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House Bill 401 is Just a Wolf in Sheep's Clothing

Recently, a bill to give townships the option of holding a referendum vote on wind turbine projects has made its way through the final round of committee hearings and is awaiting a vote to see if it will advance to the floor of the Ohio House of Representatives. Introduced by Representative Bill Reineke and Senator Rob McColey, the bill has been the center of much controversy for those following development of wind energy in Ohio.

This bill serves as a staunch reminder that Ohio is one of the most difficult places to build wind generation projects in the entire United States. What’s even more concerning is the dangerous precedent for any industry attempting to invest in Ohio. For a state that relies on industry for economic support to come out in opposition to wind development is as misguided as it is short-sighted. At the opponent hearing for House Bill 401 held in December, Rep. David Leland said he ‘didn’t remember anyone talking about having referendum votes when it came to natural gas development.' So, why should wind be subject to additional barriers for projects to get off the ground?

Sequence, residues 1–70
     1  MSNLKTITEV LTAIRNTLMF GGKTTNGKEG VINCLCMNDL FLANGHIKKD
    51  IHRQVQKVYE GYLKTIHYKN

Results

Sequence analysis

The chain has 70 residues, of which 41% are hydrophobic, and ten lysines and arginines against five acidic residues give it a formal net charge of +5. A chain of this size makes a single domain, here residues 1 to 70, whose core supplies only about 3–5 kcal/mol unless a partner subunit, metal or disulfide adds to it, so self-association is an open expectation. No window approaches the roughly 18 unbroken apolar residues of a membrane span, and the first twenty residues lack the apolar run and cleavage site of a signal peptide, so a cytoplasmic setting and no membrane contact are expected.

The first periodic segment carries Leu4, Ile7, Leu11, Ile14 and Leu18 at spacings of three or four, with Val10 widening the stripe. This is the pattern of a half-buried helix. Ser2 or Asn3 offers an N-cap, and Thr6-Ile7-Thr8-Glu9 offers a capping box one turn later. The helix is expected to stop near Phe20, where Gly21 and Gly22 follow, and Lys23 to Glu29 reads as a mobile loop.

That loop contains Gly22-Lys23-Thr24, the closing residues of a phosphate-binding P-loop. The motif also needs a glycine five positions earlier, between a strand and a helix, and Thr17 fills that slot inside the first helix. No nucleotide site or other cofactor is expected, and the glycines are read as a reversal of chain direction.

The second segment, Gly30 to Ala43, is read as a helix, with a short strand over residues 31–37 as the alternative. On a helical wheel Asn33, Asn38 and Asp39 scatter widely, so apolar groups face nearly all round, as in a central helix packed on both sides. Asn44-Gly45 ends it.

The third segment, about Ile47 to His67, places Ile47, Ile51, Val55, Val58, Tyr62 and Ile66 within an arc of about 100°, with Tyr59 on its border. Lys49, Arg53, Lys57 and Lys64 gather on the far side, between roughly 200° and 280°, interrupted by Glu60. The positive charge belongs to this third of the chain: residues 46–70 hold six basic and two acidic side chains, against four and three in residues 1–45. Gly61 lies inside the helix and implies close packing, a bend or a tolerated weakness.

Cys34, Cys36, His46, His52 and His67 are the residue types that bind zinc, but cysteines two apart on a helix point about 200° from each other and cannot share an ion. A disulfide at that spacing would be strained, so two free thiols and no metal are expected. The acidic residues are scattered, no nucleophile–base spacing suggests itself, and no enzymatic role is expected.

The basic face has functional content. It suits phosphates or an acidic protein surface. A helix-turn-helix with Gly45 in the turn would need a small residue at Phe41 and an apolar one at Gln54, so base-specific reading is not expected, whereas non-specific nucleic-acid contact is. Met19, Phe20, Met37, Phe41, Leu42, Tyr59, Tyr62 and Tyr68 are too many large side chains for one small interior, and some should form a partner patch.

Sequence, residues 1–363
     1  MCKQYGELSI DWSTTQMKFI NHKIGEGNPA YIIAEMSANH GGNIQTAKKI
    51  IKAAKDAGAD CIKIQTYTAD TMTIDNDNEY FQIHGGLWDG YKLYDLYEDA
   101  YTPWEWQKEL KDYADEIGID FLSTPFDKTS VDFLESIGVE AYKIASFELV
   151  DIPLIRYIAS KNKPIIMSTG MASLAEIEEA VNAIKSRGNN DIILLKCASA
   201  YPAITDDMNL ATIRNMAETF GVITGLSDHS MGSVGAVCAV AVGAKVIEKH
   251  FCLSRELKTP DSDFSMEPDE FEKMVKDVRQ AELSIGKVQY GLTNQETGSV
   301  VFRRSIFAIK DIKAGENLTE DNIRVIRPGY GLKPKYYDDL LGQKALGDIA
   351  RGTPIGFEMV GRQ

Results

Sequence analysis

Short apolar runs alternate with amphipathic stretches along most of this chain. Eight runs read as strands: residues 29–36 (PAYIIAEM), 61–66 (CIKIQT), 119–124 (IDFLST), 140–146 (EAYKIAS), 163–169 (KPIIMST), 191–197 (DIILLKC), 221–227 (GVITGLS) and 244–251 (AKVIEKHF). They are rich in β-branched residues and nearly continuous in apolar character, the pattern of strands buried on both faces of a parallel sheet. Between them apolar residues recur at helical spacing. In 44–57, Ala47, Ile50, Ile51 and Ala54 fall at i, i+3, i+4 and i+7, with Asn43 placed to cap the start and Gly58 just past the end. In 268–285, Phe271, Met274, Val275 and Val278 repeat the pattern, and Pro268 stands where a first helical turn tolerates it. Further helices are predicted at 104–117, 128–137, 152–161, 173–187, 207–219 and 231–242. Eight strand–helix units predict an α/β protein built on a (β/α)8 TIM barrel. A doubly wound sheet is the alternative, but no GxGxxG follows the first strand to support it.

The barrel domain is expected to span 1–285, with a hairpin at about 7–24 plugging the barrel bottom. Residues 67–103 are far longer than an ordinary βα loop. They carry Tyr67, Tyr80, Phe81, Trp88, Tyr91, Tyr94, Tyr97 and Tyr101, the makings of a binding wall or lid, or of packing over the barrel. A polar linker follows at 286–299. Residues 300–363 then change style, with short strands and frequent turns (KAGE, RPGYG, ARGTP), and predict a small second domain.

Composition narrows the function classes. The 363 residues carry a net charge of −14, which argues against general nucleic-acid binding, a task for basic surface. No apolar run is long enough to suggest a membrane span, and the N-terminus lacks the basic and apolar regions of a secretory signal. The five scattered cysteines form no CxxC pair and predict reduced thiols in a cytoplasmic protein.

The disparate treatment of wind turbines by this bill, and the aggressive setback laws governing turbine placement, is unfair and potentially debilitating to an industry that wants to grow the state’s economy and improve its air quality. HB 401 is a wolf in sheep’s clothing. It’s disguised as legislation that is friendly to communities and gives them the ability to decide whether they want to have a project in their community. The reality is that this legislation is an all-out assault on wind energy that is also the incubator for innumerable unintended consequences for any other capital investment in the state. Beyond all of this, HB 401 is not necessary. There is already a body that governs the siting of power projects in Ohio, the Ohio Power Siting Board, or the OPSB. The OPSB has a robust process that takes into account the concerns of citizens with regard to wind projects and other energy projects in Ohio. Bills such as HB 401 undermine the OPSB’s process, and the professionals who run that organization.

Northern Ohioans for Wind encourages state lawmakers to let the OPSB do its job and stop treating wind development differently from any other power source. Wind is here and it’s here to stay.

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